Zorni, Chiara; EDF Centre d'Expertise et d'Inspection dans les Domaines de la Realisation et de l'Exploitation; France
Cordeiro, S.; EDF-CEIDRE; France
Dabouis, F.; EDF-CEIDRE; France
Zorni, C.; EDF CEIDRE; France
Session: Eddy Current-Application 1
Time: 09:00 - 09:20
Eddy Current Non Destructive Testing (ECNDT) is a standard technique in industry for the detection of surface breaking flaws in conductive materials. The in-core instrumentation thimble is a small tube made of austenitic stainless steel which guides nuclear measurement detector into the fuel assembly and therefore is a part of the primary system pressure boundary. External wear scars have been observed at contact points of the thimble with its guide structure. These wears are caused by vibrations and repeated contacts between the two interfaces. EDF employs an eddy current testing technique to verify the integrity of the in-core instrumentation thimbles of its 900 MWe, 1300 MWe and 1450 MWe pressurized water reactors. The probe is an axial EC probe, composed by an absolute bobbin coil with a ferrite core. The technique employed is able to characterize the depth and the volume of the detected external wears thanks to charts, which define the relation between EC signals and the defects dimensions. These charts have been defined using experimental measurements on mock-ups containing external wears with different profiles and dimensions. These measurements were then validated by comparison with real defects dimensions verified after the extraction of inspected tubes and the destructive metallurgical exam. During the inspections on nuclear power plants, some EC signals are placed outside the area described by the chart. In these cases, we cannot easily estimate the dimensions of the detected wear and our EC experts have to study these atypical cases and give their diagnostic. The study presented in this paper is focused on these atypical signals.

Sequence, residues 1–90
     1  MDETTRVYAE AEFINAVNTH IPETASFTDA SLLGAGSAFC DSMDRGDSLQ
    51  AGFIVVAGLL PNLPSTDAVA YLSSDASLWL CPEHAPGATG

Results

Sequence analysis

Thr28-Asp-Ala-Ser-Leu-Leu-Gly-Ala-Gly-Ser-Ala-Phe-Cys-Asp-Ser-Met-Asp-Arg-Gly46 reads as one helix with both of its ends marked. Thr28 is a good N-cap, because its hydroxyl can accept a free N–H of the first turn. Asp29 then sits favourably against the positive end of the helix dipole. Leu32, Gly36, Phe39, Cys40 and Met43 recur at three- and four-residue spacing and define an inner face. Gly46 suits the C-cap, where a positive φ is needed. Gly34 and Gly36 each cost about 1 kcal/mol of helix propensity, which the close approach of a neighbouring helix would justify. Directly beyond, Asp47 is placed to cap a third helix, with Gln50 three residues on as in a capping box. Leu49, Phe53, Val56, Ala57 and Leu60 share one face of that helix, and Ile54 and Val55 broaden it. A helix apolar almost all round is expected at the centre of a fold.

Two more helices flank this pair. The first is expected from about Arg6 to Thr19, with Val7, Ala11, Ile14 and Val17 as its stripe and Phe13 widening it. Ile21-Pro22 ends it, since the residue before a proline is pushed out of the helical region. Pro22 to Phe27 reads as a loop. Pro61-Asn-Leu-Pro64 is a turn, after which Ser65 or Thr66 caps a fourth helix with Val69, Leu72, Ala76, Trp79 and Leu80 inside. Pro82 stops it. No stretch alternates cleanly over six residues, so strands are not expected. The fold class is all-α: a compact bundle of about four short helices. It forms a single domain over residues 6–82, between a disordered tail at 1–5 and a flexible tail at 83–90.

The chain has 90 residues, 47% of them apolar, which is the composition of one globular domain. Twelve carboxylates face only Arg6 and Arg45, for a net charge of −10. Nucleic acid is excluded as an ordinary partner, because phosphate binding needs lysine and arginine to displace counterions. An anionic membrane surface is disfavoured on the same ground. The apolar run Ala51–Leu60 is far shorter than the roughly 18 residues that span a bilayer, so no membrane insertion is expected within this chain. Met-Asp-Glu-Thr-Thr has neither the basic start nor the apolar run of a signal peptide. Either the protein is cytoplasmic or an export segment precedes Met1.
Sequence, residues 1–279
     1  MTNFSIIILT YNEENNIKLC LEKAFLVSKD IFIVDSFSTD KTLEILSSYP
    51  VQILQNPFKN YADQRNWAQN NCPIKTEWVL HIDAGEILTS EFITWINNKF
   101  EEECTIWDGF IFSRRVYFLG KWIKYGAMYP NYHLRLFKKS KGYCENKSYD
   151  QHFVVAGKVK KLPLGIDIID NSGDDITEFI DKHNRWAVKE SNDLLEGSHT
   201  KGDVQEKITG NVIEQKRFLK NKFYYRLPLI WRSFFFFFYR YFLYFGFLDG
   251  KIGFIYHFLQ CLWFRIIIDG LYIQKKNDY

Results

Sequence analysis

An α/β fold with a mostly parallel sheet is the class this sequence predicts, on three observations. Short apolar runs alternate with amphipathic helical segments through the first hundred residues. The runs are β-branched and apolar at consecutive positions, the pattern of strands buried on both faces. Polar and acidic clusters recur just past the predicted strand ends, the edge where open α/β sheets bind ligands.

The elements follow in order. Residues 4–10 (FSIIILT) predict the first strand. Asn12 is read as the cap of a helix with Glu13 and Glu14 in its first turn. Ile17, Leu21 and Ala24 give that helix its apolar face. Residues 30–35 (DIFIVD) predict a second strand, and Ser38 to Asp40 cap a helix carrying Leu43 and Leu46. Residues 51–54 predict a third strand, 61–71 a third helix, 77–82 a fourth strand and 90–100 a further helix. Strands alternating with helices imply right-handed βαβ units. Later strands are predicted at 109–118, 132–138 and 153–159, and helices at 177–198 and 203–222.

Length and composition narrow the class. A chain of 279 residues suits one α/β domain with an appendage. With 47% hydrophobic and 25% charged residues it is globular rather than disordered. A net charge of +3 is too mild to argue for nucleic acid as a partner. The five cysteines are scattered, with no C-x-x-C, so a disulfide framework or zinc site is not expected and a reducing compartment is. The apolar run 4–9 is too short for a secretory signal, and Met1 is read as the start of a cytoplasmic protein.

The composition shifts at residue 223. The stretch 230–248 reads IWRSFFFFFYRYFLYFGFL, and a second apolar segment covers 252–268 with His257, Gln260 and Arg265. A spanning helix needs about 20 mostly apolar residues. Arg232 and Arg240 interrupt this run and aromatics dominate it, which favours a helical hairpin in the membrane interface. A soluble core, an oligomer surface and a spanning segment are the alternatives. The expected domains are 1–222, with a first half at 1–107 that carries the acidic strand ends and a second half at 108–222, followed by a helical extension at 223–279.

In order to study the response of the EC probe in presence of external wear characterized by different profiles, a 3D simulation software named C3D and developed by EDF R&D, has been used. C3D software is based on a finite elements model and allows the simulation of complex 3D geometries which have to been defined as close as possible to the real inspection’s conditions.
Comparisons between modeling results and real EC signals acquired during inspections carried on nuclear power plants will be presented. These studies contributed to the establishment of new geometries for external wears which could affect the in-core instrumentation thimbles. New mock-ups had been created and allowed us to validate our simulation results. This study will allow us to extend the domain of validity of our charts.